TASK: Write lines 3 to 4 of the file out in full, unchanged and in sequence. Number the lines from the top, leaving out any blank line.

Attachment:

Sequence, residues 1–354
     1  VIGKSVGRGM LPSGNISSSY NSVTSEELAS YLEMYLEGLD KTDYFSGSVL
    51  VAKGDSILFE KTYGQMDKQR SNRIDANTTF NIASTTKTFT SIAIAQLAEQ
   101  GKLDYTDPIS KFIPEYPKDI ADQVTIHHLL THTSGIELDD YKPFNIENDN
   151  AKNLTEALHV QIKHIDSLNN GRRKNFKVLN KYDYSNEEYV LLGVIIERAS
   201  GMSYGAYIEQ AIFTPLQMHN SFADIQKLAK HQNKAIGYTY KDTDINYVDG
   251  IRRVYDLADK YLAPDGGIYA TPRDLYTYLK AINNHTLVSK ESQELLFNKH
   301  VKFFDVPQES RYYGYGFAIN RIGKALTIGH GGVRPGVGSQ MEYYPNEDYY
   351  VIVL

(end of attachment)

    51  VAKGDSILFE KTYGQMDKQR SNRIDANTTF NIASTTKTFT SIAIAQLAEQ
   101  GKLDYTDPIS KFIPEYPKDI ADQVTIHHLL THTSGIELDD YKPFNIENDN